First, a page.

You'll have a kidney biopsy at a hospital or outpatient center. An IV will be placed before the procedure starts.
During the procedure
During the biopsy, you'll be awake and lie on your abdomen or your side, depending on which position allows best access to your kidney. For biopsy of a transplanted kidney, most people lie on their backs.
A percutaneous biopsy takes about an hour and includes these steps:
- With an ultrasound probe, your doctor identifies exactly where to insert the needle. In some cases, a CT scan may be used instead of ultrasound.
- Your doctor marks your skin, cleans the area and applies a numbing medication (local anesthetic).
- If you experience pain not controlled by local anesthetic, your doctor may give you pain medication through your IV during the procedure.
- Your doctor makes a small incision where the needle will go in and uses the ultrasound device to guide the needle into your kidney.
- You may be asked to hold your breath as your doctor collects a sample using a spring-loaded instrument. You may feel a "pop" or pressure and hear a sharp clicking noise.
- Your doctor may need to insert the needle several times — often through the same incision — to get enough tissue.
- Your doctor removes the needle and places a small bandage on the incision.
Other kidney biopsy procedures
Percutaneous kidney biopsy isn't an option for some people. If you have a history of bleeding problems, have a blood-clotting disorder or have only one kidney, your doctor may consider a laparoscopic biopsy.
In this procedure, your doctor makes a small incision and inserts a thin, lighted tube with a video camera at its tip (laparoscope). This tool allows the doctor to view your kidney on a video screen and remove tissue samples.
After the procedure
After the biopsy, you can expect to:
- Spend time in a recovery room where your blood pressure, pulse and breathing will be monitored.
- Have urinalysis and complete blood count tests done to check for bleeding and other complications.
- Rest quietly for several hours.
- Receive written instructions about your recovery.
- Feel some soreness or pain at the biopsy site for a few hours. You'll be given medications to relieve pain.
Most people can leave the hospital the same day. You may need to rest in bed for 12 to 24 hours after the biopsy, as directed by your doctor. Your health care team will let you know about any activity restrictions, such as avoiding heavy lifting and strenuous exercise.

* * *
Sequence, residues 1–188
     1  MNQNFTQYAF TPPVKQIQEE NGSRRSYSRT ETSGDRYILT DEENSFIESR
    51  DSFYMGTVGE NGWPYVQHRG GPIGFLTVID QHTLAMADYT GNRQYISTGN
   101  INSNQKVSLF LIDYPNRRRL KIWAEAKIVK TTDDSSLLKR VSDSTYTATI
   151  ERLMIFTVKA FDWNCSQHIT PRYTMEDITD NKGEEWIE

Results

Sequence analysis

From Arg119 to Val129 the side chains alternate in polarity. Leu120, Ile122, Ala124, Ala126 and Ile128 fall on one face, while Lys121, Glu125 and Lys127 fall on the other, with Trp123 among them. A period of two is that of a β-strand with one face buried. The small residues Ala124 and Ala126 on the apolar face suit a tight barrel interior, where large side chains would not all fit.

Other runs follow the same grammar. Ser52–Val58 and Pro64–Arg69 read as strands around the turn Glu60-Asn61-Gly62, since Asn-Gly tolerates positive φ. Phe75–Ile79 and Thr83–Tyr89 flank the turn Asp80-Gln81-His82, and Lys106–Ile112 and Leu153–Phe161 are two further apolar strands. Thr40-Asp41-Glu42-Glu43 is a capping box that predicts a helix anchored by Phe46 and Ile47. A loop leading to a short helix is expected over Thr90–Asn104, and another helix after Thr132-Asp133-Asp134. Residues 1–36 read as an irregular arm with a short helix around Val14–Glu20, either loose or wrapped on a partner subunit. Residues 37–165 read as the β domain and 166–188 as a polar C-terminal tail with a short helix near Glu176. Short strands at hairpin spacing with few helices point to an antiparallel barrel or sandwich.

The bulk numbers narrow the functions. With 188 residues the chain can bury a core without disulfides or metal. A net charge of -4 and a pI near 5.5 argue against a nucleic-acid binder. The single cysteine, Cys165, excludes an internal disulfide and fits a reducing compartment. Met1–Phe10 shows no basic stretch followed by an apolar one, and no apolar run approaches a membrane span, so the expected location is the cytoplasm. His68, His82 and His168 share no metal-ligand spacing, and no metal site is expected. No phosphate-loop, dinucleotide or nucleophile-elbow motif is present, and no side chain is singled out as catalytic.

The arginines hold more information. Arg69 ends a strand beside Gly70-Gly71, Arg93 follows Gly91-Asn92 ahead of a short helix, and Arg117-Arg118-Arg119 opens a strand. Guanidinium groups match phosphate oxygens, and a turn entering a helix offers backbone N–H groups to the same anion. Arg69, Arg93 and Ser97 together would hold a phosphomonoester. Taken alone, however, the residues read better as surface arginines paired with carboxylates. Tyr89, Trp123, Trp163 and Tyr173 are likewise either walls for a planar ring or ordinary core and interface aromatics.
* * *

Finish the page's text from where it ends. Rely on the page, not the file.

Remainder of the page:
Your kidney tissue goes to a lab to be examined by a doctor who specializes in diagnosing disease (pathologist). The pathologist uses microscopes and dyes to look for unusual deposits, scarring, infection or other abnormalities in the kidney tissue.
Call your doctor if you experience:
May 15, 2015
- Significant bright red blood or clots in your urine more than 24 hours after the biopsy
- Inability to pass urine
- Worsening pain at the biopsy site
- Fever over 100.4 F (38 C)
- Faintness or weakness
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- Kidney biopsy. National Kidney and Urologic Diseases Information Clearinghouse (NKUDIC). http://kidney.niddk.nih.gov/kudiseases/pubs/biopsy/index.aspx. Accessed March 7, 2015.
- Whittier WL, et al. Indications for and complications of renal biopsy. http://www.uptodate.com/home. Accessed March 7, 2015.
- Taal MW, et al. The renal biopsy. In: Brenner & Rector's The Kidney. 9th ed. Philadelphia, Pa.: Saunders Elsevier; 2011. http://www.clinicalkey.com. Accessed March 14, 2015.
- Kidney biopsy: A guide for patients. National Kidney Foundation. http://www.kidney.org/sites/default/files/docs/11-10-0106_patbro_renalbiopsy.pdf. Accessed March 7, 2015.
- El-Zoghby ZM (expert opinion). Mayo Clinic, Rochester, Minn. March 17, 2015.
- Walls DJ (expert opinion). Mayo Clinic, Rochester, Minn. March 18, 2015.
- Castle EP (expert opinion). Mayo Clinic, Scottsdale, AZ. March 22, 2015.